A history of non-holonomic constraints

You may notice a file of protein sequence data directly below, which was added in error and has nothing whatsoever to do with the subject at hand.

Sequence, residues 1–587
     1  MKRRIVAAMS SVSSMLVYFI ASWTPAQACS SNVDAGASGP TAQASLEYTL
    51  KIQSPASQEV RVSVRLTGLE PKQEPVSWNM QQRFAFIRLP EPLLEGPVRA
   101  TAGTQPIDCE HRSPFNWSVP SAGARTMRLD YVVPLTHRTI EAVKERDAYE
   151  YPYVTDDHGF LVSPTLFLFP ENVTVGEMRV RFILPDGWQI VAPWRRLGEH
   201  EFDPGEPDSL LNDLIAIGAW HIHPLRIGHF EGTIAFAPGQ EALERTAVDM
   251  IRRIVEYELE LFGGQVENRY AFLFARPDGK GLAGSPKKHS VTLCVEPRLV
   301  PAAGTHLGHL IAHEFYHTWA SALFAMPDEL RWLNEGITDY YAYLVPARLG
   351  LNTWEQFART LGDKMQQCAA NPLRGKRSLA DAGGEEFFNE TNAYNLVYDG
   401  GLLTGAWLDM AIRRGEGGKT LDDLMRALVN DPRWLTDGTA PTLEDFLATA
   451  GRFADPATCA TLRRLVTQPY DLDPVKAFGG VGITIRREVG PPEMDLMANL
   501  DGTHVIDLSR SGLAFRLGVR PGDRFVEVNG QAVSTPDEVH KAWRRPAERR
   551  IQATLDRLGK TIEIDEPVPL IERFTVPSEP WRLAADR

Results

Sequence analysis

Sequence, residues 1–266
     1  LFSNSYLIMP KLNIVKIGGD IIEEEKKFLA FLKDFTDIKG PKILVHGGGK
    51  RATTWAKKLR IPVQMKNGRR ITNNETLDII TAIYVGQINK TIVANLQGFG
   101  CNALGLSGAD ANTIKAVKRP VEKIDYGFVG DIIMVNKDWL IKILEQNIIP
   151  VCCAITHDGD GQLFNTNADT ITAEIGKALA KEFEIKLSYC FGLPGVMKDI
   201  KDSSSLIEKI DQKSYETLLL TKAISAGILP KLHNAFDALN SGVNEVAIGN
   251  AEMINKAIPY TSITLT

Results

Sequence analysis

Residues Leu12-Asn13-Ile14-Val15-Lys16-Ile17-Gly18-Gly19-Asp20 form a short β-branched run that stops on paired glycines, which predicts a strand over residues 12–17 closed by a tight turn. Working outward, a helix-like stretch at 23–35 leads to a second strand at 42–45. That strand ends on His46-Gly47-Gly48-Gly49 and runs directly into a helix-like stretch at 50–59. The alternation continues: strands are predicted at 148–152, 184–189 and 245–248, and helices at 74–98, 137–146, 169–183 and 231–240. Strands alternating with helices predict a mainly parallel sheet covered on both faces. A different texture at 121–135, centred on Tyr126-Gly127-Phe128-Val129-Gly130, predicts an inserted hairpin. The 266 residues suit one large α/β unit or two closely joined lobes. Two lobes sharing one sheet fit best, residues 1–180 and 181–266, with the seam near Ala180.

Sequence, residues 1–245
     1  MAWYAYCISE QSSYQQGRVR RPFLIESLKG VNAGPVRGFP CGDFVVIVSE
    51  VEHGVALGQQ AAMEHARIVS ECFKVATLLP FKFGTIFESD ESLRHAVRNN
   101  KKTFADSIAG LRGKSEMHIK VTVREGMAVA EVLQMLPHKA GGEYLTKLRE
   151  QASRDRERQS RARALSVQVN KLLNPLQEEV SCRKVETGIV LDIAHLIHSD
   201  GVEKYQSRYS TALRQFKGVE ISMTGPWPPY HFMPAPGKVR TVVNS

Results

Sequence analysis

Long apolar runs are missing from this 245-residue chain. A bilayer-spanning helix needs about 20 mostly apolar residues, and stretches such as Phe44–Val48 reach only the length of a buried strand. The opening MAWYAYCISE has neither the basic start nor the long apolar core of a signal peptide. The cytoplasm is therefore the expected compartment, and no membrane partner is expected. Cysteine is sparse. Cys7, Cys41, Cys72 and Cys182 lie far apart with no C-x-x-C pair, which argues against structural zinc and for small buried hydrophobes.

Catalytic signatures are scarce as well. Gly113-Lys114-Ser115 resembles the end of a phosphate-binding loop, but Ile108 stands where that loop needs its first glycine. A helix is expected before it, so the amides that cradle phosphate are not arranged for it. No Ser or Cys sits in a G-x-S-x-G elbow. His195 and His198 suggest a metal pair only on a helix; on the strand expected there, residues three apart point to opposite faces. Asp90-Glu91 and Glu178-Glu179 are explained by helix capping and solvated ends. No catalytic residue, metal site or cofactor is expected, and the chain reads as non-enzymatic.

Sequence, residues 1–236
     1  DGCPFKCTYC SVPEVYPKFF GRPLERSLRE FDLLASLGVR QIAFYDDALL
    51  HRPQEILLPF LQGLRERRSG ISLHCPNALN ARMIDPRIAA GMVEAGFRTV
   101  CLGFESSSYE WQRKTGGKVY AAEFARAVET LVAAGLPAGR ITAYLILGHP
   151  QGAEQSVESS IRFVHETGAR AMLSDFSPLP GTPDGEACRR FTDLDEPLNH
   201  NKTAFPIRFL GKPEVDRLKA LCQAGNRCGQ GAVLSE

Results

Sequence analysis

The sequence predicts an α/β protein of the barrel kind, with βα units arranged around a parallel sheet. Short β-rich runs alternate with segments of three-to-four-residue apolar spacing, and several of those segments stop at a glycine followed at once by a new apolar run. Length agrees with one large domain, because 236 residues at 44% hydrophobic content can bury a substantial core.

Heinrich Hertz was not the first to introduce non-holonomic constraints into mechanics, but his careful distinction between holonomic and non-holonomic constraints in his book Principles of Mechanics influenced the general history of that discipline. This chapter provides a brief history of non-holonomic constraints and Hertz's place in it. The immediate reaction to Hertz's book is first discussed, and a general overview of the very messy history of repeated independent mistakes, rejections, and rescues is then presented. Hertz derived various integral principles such as the principle of least action and Hamilton's principle for holonomic conservative systems, but concluded that these principles are invalid for non-holonomic systems. This had devastating effects on the energetic image because it meant that its fundamental law, Hamilton's principle, was, in fact, incorrect for a wide variety of mechanical systems. This was one of Hertz's major reasons for rejecting that image. The situation called for an immediate rescue operation. The operation was led by the mathematician Otto Hölder.
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